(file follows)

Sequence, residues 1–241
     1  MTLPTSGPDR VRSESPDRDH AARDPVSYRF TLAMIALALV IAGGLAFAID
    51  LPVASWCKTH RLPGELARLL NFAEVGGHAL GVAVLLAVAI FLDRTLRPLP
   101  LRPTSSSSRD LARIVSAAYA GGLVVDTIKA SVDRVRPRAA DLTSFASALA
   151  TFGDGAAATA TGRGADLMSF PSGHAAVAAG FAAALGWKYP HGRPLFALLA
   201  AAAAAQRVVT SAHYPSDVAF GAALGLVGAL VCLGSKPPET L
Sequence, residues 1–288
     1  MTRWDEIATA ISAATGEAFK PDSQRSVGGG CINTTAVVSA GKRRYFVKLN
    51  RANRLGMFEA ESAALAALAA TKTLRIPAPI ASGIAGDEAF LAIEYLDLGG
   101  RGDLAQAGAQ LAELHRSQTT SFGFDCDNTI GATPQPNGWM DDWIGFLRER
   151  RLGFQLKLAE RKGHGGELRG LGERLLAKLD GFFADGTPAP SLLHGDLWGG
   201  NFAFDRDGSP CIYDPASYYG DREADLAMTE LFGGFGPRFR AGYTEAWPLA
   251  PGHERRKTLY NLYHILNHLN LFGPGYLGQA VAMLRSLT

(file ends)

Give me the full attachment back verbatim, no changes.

Sequence, residues 1–241
     1  MTLPTSGPDR VRSESPDRDH AARDPVSYRF TLAMIALALV IAGGLAFAID
    51  LPVASWCKTH RLPGELARLL NFAEVGGHAL GVAVLLAVAI FLDRTLRPLP
   101  LRPTSSSSRD LARIVSAAYA GGLVVDTIKA SVDRVRPRAA DLTSFASALA
   151  TFGDGAAATA TGRGADLMSF PSGHAAVAAG FAAALGWKYP HGRPLFALLA
   201  AAAAAQRVVT SAHYPSDVAF GAALGLVGAL VCLGSKPPET L
Sequence, residues 1–288
     1  MTRWDEIATA ISAATGEAFK PDSQRSVGGG CINTTAVVSA GKRRYFVKLN
    51  RANRLGMFEA ESAALAALAA TKTLRIPAPI ASGIAGDEAF LAIEYLDLGG
   101  RGDLAQAGAQ LAELHRSQTT SFGFDCDNTI GATPQPNGWM DDWIGFLRER
   151  RLGFQLKLAE RKGHGGELRG LGERLLAKLD GFFADGTPAP SLLHGDLWGG
   201  NFAFDRDGSP CIYDPASYYG DREADLAMTE LFGGFGPRFR AGYTEAWPLA
   251  PGHERRKTLY NLYHILNHLN LFGPGYLGQA VAMLRSLT